You also have a CGT allowance which for 2018-19 is £11,700.
As a rough guide to assessing the tax
You can now pay CGT straight away using the HMRC online service but most people do via self assessment and pay by 31st January following the end of the tax year.
HMRC are getting tough on those who seek ways to avoid tax and the schemes are often treated as Tax Fraud.
The Finance (No. 2) Act 2017 contains some of the most significant changes to tax legislation in recent memory (the 2019 Loan Charge).
The legislation which is retrospective targets Employee Benefit Trusts, Employer Financed Retirement Benefit Schemes, Contractor Loans and many others where an employee was rewarded with a loan from the employer or a trust, but in realty the employee was never going to repay the loan and just wanted tax free money.
The 5th April 2019 Loan charge will require Income Tax and National Insurance to be paid on the balance outstanding, as most of the loans will be high value that probably means 40%/45% income tax and Employee NI at 2% and Employers NI at 13.8%, so that could be 45% + 2% +13.8% = 60.8% tax on the loan, plus possible interest and penalties
How re-describing loans is claimed to work
Scheme users are being told they can sign documents saying that the sums they’ve received from their disguised remuneration scheme under loan agreements are not loans at all. Instead, these sums of money are merely held by them in a ‘fiduciary capacity’ – for example, an individual acts in a fiduciary capacity if they hold money, or assets, for the benefit of someone else, not themselves.
It’s wrong to claim that the loan charge won’t apply because the sums received aren’t loans.
Why you shouldn’t use this scheme
Renaming something now doesn’t change what happened in the past. Attempting to describe a loan as something else doesn’t mean it’s not a loan.
The loan charge will apply to more than just loans, including any form of credit or other right to a payment regardless of what it’s called. If you adopt this approach and choose not to reflect the loan charge on your tax return you may face a significant penalty in addition to the tax charge.
Deliberately misleading, or concealing information from HM Revenue and Customs (HMRC) may result in criminal prosecution.
Doing nothing is not an option, its likely you lead to bigger penalties and possible legal action.
The Advice from HMRC
Any arrangements to avoid the loan charge, which seek to deceive HMRC as to what is really happening, may be fraudulent.
A number of previous cases promoted as being compliant and legal have resulted in criminal convictions for the key people involved and extensive investigation of several hundred users. HMRC will investigate all of these arrangements and is likely to take similar action if it finds any that are seeking to deceive. At the very least, anyone who takes part in an offensive arrangement is likely to face penalty sums, chargeable along with any tax and interest that will be due.
Tax avoidance doesn’t pay. Most arrangements simply don’t work and people can end up paying more than they were trying to avoid. Users may have a long-term requirement to deal with the cost, commercial and tax fallout from these transactions with no support from the promoter of the original arrangement. If users are worried about their financial position, it is better to contact HMRC rather than risk more investigation and what is likely to be a larger bill.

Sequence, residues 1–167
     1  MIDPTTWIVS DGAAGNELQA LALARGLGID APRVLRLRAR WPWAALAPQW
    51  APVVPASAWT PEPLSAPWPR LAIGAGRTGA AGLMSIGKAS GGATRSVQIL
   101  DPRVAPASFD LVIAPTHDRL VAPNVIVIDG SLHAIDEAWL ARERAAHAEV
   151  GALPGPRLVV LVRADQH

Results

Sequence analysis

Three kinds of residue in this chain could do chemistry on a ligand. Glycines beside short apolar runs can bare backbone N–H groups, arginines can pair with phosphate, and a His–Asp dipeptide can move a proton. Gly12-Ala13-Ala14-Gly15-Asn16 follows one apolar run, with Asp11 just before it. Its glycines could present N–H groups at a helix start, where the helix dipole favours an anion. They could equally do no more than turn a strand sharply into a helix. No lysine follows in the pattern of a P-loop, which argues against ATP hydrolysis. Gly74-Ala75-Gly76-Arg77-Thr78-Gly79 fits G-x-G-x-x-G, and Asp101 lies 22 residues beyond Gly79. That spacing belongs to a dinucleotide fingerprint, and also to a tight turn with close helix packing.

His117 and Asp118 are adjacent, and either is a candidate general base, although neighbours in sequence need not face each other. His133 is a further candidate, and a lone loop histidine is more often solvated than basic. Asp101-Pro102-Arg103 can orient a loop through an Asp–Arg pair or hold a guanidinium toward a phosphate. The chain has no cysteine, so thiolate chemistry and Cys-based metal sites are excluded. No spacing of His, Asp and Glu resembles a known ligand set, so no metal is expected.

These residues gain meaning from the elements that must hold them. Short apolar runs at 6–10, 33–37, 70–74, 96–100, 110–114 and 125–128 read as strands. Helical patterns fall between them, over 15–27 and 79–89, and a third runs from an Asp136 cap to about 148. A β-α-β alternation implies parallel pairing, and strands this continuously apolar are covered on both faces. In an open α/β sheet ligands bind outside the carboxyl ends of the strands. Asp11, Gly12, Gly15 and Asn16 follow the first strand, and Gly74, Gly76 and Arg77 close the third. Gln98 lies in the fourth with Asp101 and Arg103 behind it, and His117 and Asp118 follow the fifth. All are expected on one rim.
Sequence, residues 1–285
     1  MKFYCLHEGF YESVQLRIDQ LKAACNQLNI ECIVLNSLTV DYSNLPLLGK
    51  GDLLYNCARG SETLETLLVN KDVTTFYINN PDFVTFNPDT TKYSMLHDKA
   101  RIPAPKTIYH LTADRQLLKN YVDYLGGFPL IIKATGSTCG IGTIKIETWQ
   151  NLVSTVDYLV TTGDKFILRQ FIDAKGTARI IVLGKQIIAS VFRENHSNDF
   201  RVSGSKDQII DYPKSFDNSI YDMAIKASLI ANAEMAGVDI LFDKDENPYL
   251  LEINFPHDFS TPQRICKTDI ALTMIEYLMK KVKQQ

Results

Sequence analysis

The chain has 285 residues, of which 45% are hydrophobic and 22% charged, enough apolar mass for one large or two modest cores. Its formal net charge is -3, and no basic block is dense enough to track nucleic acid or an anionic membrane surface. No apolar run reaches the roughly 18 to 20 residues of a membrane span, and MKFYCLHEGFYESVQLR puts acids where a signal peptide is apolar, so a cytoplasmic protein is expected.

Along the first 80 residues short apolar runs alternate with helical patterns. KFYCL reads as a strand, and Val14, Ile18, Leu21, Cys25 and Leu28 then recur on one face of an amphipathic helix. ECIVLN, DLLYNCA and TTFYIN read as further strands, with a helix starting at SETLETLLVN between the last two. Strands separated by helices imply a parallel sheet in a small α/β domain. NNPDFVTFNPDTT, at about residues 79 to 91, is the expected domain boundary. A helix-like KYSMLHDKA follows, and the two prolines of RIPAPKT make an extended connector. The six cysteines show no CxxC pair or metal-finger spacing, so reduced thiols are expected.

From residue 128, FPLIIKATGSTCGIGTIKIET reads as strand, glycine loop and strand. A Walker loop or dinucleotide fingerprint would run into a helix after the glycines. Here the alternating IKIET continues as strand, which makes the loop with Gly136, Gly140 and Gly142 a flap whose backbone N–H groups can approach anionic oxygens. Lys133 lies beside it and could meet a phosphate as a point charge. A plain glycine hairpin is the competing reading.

Last week it was announced that due to Brexit some of HMRC’s plans have had to be put on hold, so they have decided that Digital Services for Individuals would be put on hold.
HMRC’s email stated: ‘We have made the decision to delay plans to introduce further digital services for individuals, to release project capability to EU Exit work. This means halting progress on simple assessment and real time tax code changes.’
‘We will pause work to digitise services that impact fewer numbers of customers, such as those paying Inheritance Tax, or applying for Tax Advantaged Venture Capital Schemes and PAYE settlement agreements.’
But Making Tax Digital for Businesses will not be delayed, so from 2019 VAT will be the first stage then Business Tax potentially starting in 2020.
Come to one of my seminars to find out more
The rules for service charge accounts are set out in Tech 03/11
Service Charges are designed to pay for management, repairs and maintenance, they are not intended to make a profit and so will not generally incur a tax charge.
If, however, they include Interest or Ground Rent potentially there could be a taxable profit.
Service Charges in accordance with ICAEW Technical Release Note 03/11 are accounted for outside of the company and are a type trust account.
As with so many things the answer is may be!
Many Freeholds are owned by a Company in which the tenants hold the shares.
When the Company was set up to buy the freehold often the tenants will grant new long leases as part of the purchase process and have their articles of association changed to set out their entitlement to leases. The lease terms are often different lengths and values so you could have £1 voting shares and then separate non voting shares for the payments above the £1 at the time the company buys the Freehold.
In order to offer free extensions in the future the company would be set up as a Bare Trust for the tenants/nominees, this could allow the company to issue free lease extensions.
However, if this wasn’t done then a company would normally be expected to charge arms length market prices for leases or for the lease to be taxable on the tenant as a distribution or benefit.